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Portal Caval Shunts (Liver Shunts)
This much-discussed disorder is most commonly the result of improper fetal development of the circulatory system. To thoroughly understand liver shunts, it is important to have an understanding of the development of blood vessels in the fetus. The fetus, through the placenta, umbilical vein and artery, is connected to the mother's circulatory system (bloodstream). Therefore, the liquid portion of the blood of the fetus can move into the mother's bloodstream, but the cells cannot. The mother's liver then performs the important liver functions, such as eliminating wastes, for the fetus. The mother's liver is necessary for this, since the fetal liver is just developing and is not yet capable of many functions including removing metabolic wastes from the fetal bloodstream, storing minerals, and enzyme production. Because the fetal liver is underdeveloped, the fetus possesses blood vessels which transport blood around the developing liver rather than to and through it. This is necessary, since the small developing fetal liver cannot filter or handle the full quantity of blood that needs to be filtered. When the fetus is born, the placenta, umbilical vein and artery (jointly referred to as the umbilical cord) are severed and are no longer functional. Once the umbilical cord is cut at birth, there is no longer this connection between the mother and the just-born puppy. At this point, the puppy must rely on his own liver functions and not that of his mother.
At or about the time of birthing (whelping), the blood vessels within the fetus, which allowed blood to bypass the developing fetal liver, must close. Once these vessels close, the puppy's blood is forced to pass through the puppy's now developed liver. If these fetal vessels fail to close, then blood is allowed to abnormally be shunted around the liver, hence the name liver shunt. When blood is shunted around the liver rather than to and through it, the liver is not able to filter all of the blood, and therefore, toxic metabolic wastes such as ammonia are not adequately removed from the bloodstream. The degree to which blood is shunted around the liver is dependent on the extent to which shunting vessels persist. Liver shunts may be large allowing much blood to bypass the liver, or they may be partially closed allowing only small amounts of blood to shunt around the liver. The extent of blood shunting varies with every dog.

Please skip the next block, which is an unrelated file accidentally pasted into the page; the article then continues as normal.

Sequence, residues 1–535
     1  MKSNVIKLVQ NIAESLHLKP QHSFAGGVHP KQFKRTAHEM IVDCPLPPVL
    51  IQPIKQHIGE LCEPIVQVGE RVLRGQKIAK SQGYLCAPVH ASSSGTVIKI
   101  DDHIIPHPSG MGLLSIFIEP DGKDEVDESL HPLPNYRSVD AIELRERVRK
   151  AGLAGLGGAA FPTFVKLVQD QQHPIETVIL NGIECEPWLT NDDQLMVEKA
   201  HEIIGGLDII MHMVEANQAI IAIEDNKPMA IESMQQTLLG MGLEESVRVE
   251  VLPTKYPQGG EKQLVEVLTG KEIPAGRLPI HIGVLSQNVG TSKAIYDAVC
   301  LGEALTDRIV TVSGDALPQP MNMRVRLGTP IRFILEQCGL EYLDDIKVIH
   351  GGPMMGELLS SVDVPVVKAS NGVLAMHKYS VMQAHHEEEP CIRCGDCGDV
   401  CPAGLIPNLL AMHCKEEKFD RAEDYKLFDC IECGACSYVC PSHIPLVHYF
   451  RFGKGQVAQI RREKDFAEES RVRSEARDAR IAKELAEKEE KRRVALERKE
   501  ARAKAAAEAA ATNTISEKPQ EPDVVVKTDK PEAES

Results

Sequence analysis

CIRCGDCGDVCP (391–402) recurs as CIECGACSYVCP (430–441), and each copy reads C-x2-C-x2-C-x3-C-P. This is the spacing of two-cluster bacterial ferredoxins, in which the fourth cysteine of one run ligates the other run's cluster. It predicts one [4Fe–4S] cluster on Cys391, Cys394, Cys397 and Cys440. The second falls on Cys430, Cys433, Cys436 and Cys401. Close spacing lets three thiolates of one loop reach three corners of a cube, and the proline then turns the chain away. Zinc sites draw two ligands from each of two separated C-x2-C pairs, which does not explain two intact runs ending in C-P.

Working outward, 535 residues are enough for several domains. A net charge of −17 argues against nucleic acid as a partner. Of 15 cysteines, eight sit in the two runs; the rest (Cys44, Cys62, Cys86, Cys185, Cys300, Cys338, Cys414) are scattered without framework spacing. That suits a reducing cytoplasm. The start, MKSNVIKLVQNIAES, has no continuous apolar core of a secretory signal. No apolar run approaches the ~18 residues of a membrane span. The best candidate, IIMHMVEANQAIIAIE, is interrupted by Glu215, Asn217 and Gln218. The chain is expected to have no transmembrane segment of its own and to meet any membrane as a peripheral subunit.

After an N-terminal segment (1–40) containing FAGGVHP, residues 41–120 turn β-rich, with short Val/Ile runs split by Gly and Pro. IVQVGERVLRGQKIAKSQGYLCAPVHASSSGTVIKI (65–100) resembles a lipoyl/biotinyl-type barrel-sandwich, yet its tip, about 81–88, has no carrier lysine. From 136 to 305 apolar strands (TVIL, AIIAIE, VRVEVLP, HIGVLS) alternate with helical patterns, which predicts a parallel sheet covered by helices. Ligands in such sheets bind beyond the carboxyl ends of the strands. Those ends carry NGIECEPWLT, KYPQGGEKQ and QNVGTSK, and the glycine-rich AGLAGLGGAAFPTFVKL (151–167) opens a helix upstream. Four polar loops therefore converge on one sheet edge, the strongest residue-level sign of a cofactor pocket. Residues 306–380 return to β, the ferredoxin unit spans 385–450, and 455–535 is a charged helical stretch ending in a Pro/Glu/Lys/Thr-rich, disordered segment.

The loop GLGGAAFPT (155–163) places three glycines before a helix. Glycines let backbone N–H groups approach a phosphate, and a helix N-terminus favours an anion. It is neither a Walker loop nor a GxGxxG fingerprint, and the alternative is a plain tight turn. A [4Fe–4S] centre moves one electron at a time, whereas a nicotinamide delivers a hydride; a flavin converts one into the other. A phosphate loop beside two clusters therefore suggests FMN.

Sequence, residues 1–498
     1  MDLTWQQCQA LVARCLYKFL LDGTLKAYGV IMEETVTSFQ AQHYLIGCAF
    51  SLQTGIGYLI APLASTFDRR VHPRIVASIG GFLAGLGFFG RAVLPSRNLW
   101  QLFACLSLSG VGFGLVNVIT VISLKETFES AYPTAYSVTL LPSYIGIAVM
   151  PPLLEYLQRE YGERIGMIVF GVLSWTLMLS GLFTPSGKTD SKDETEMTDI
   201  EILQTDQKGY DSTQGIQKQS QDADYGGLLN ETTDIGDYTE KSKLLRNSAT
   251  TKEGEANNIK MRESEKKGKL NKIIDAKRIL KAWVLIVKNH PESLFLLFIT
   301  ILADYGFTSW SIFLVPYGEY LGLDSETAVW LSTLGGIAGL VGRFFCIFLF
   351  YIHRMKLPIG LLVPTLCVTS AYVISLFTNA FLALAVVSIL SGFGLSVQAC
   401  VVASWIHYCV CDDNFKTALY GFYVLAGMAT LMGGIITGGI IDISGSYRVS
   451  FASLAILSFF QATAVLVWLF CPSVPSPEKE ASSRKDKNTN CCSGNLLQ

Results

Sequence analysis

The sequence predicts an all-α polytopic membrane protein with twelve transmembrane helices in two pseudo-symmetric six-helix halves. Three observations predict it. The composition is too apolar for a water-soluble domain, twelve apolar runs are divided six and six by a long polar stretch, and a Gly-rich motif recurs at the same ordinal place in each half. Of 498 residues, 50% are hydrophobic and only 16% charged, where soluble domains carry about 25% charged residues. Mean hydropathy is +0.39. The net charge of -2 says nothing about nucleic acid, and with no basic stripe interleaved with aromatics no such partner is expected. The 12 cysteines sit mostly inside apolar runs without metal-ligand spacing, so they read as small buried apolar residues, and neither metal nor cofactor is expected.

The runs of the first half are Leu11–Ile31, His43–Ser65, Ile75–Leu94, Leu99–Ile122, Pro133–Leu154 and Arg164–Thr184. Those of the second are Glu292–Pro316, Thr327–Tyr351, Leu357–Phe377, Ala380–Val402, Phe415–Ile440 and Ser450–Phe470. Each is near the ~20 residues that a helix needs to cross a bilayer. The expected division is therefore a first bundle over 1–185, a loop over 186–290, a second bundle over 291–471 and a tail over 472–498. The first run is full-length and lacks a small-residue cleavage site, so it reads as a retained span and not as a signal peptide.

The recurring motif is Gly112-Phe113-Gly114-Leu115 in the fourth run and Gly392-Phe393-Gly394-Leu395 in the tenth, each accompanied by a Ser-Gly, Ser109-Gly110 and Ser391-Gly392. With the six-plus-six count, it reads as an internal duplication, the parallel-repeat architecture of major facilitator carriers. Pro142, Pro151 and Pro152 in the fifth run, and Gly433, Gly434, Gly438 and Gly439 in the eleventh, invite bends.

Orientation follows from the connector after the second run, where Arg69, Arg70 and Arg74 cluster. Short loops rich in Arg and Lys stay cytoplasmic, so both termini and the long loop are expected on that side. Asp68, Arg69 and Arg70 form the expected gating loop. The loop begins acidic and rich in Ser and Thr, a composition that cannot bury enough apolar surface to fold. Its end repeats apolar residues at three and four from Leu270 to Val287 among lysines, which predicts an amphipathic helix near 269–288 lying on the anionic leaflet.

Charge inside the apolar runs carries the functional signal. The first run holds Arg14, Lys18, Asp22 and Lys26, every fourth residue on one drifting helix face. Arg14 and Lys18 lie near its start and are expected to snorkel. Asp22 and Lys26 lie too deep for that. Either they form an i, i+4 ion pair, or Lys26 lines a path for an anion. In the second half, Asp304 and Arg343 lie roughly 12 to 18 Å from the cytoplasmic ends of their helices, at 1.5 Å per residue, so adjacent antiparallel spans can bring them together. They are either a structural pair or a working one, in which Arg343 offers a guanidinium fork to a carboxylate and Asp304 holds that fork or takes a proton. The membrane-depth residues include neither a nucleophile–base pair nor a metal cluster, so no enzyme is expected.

What are the symptoms?
The symptoms of liver shunts vary and are directly related to the extent of blood shunting. If the liver is receiving and processing 95 percent of the puppy's blood, the symptoms may be few, if any. More severe shunts are life threatening with many symptoms. Symptoms may be evident in these puppies at only a few weeks of age and may include low growth rates, vomiting, diarrhea, constipation, salivation, increased urination, seizures, and death. Dogs with less severe liver shunts may not exhibit any clinical signs until the puppy is much older, even up to a year of age.
What are the risks?
All liver shunts, whether mild or severe, are considered serious and life threatening. Even mild liver shunts generally exhibit greater symptoms as the puppy increases in body size. The larger the puppy the more metabolic wastes produced, and therefore, the more the liver is needed. Most affected dogs will not live a normal life expectancy unless the abnormality is corrected.
What is the management?
Management techniques for liver shunts have improved. The best and preferred treatment is to identify the abnormal blood vessels and surgically close them, eliminating the shunt. This will require sophisticated testing and may include radiographs (x-rays), laboratory blood analysis, ultrasound, and intravenous dye studies. The expense and results are variable depending on the degree of shunting, age, and symptoms. In addition to surgery, alterations in diet, and administration of medications are often beneficial. Restricted protein diets help reduce the production of the toxic waste, ammonia, and will therefore help lessen the need for liver detoxification. Owners and veterinarians should thoroughly discuss the seriousness, expense, and expected outcome associated with the management of all individuals suspected of having a liver shunt.
The above article helps us to understand what the liver shunt is and how it affects the puppy. Basically all pups are born with a liver shunt. This is what makes this a hereditary defect (Actually, most accurately a birth defect). But it is not specifically associated with any one line of dog. Some pups have the misfortune of being the one that the shunt does not close properly. There is no way to determine what pups will have this problem until it occurs. The only test to determine that your puppy has this defect is the acid bile test. This test will show high levels of ammonia if the puppy has a liver shunt. The first signs that a puppy has a liver shunt is as soon as it is weaned from its mama, it will react to eating food by showing signs of lethargy and high levels of toxins. They may vomit, have a seizure, or just fall over. A caring and observant Breeder will recognize signs that a puppy could have a liver shunt and will not sell such a pup to an unsuspecting buyer. It is as simple as that. The surgery to correct a liver shunt is very successful. The success rate is as great as 85%. But the cost of this surgery can be very expensive.